Let’s try to help the DOJ attorney working at DOJ FOIA to find Notebook 4282, which has the notations from September 14, 15 and 18, 2001.

    Putting aside the Central Indices, to which I don’t have access, let’s go to the documents that have already been produced.

    Let’s start at Part 55 of 59 sections from the “Amerithrax” documents.

    The first page refers to the Chemical-Biological Sciences Unit (CSU, at the FBI Laboratory, Quantico, Virginia).

    Now jump ahead to 279A-WF-222936-SCI-18.

    The designation SCI perhaps refers to “science” and may help as a locator.

    The analysis refers to work done in April 2007 for a Federal Grand Jury subpoena number 5429 issued in the District of Columbia on March 20, 2007.

    The purpose was to identify previously unknown transfers of Flask 1029 (i.e., transfers not on the RMR-1029 inventory) and to obtain additional handwriting exemplars from the time of the mailings to compare against the attacks.

    The page provides an inventory of the laboratory notebooks review with notations indicating: date received, date reviewed, date returned, review, comments on the contents of the notebook, and 1B numbers (if applicable). (It was never returned).

    Notebook 4282 is specifically mentioned. The page states “Pages 65 through 70 contain experiments conducted between 08/23/2001 and 09/18/2001, including the growth of Ba Ames.”

    The issue of “growth of Ba Ames”, of course, is highly relevant, given that we know the anthrax used in the attack did NOT come directly out of Flask 1029 but had to have been grown.

    An Excel Spreadsheet is provided “RIID NOTEBOOKS.xls” which states in most pertinent part:(Page 5 of 7 of the spreadsheet and Page 53 of 120 in Part 55 of 59 of the Amerithrax documents:

    “Copied several pages from time of mailings. See 1A GJ 1100”

    Then at page 55 of 120 it provides some additional detail:

    Notebook #4282, Bruce Ivins [redacted] 08/09/2001 to 08/16/2002.

    The name of the other person, I venture, is Fellows. The DOJ shredded her civil deposition. That’s right. The DOJ shredded her civil deposition. I don’t know what we have here but we certainly do not have government in the sunshine.

    The entry states “anthracis strain gelatin studies”, “spore production of different strains of anthracis,” “different colony morphology noted in Kruger A (pg. 11).

    Now as a lay person, I’ve asked what “gelatin studies” concerned. I’ll assume the phrase does not refer to silica gel but the entire point of getting people on the same page is that they do not have to rely on assumptions.

    I also have ventured that the Kruger A was supplied by Dr. Kimothy Smith. Dr. Smith was the fellow testing the Ames samples submitted for the FBI (at NAU) — with that testing proving critical. The FBI based its case on a finding of a negative match of the sample submitted in February 2002 when it should have been positive. If there was a crazy conflict of interest (through no one’s fault) at the heart of the government’s “Ivins Theory”, we are not in a position to judge because someone is playing hide-the-ball with Notebook 4282.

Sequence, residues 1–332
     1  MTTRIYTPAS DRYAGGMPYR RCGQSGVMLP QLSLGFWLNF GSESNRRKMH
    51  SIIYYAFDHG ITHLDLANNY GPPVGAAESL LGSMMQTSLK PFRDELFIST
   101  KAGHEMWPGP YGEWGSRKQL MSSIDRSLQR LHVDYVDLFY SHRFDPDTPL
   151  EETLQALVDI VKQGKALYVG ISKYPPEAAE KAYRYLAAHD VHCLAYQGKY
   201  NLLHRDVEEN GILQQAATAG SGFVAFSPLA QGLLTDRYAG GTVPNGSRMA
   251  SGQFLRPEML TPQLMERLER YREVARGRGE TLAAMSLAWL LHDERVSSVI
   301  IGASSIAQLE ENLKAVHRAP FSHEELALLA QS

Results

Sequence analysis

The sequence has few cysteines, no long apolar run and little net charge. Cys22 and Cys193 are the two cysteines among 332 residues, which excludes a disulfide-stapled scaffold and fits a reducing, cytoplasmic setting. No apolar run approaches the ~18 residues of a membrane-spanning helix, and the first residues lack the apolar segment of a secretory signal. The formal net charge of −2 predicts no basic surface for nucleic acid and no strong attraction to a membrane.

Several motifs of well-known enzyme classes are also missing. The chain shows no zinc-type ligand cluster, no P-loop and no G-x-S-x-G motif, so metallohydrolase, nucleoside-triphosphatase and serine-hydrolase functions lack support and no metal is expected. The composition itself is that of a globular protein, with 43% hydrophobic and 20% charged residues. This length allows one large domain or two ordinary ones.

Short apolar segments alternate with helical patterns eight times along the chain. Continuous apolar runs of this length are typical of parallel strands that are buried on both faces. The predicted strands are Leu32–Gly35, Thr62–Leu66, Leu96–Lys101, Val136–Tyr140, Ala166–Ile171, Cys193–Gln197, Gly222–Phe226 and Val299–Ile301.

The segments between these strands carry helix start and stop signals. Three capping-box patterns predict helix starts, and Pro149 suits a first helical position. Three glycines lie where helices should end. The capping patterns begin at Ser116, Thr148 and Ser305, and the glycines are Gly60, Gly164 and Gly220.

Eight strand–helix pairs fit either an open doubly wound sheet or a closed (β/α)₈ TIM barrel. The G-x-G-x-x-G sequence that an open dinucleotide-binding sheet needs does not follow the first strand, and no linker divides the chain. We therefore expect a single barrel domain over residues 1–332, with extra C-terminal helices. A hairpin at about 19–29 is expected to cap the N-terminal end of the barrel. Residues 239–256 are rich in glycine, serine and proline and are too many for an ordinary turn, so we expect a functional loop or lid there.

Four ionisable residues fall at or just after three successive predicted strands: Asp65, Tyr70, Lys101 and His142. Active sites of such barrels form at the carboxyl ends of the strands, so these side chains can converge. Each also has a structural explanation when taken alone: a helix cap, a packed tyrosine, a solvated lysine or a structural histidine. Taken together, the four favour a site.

Dr. Ayman Zawahiri’s former associate had been given permission to use a B3 by Dr. Smith and the fellow had been supplied virulent Ames by Bruce Ivins. He thanked Patricia Fellows (the one whose deposition the DOJ shredded) for technical assistance.

    (I learned of him from my friend “Tawfiq” Hamid, who sometimes consults with the CIA and had once been recruited by Ayman Zawahiri into his jihad organization — “Tawfiq” Hamid withdrew when he was asked to bury a security officer near the mosque.)

    But most of all, Dillon and I seek the notebook for the more mundane reason of showing why Ivins may have been in the lab on September 14, 15 and 18. The FBI reasoned he had no reason to be in the lab.

    To the contrary, the evidence being withheld would seem to suggest yet another experiment that required lab work.

    One purpose of the grand jury subpoena was for additional handwriting exemplars but we already know — and credit the FBI’s handwriting expert — that Ivins probably did not write the anthrax letters, judging from the handwriting.

  4. DXer said

    FBI Releases Mobile App For Finding Bank Robb

    August 22, 20167:44 PM ET

    Richard Gonzales

    Have you ever wanted to keep track of bank robberies in your neighborhood or city? Or maybe you’ve always wanted to help the FBI catch a bad guy? As you’ve no doubt heard before, there’s an app for that.

    The FBI today released a Bank Robbers mobile app designed to help the public, law enforcement, and financial institutions see and share photos and information about robberies all over the country.

    The app allows users to sort bank robberies by date, state, category (armed? disguised? serial offender?), as well as the FBI field station handling the case. You can get surveillance photos, details of the crime, physical descriptions of the suspect as well as the FBI’s wanted poster. And if you want, a push notification will tell you when a bank robbery has occurred near your location and a link to the FBI’s online tips page.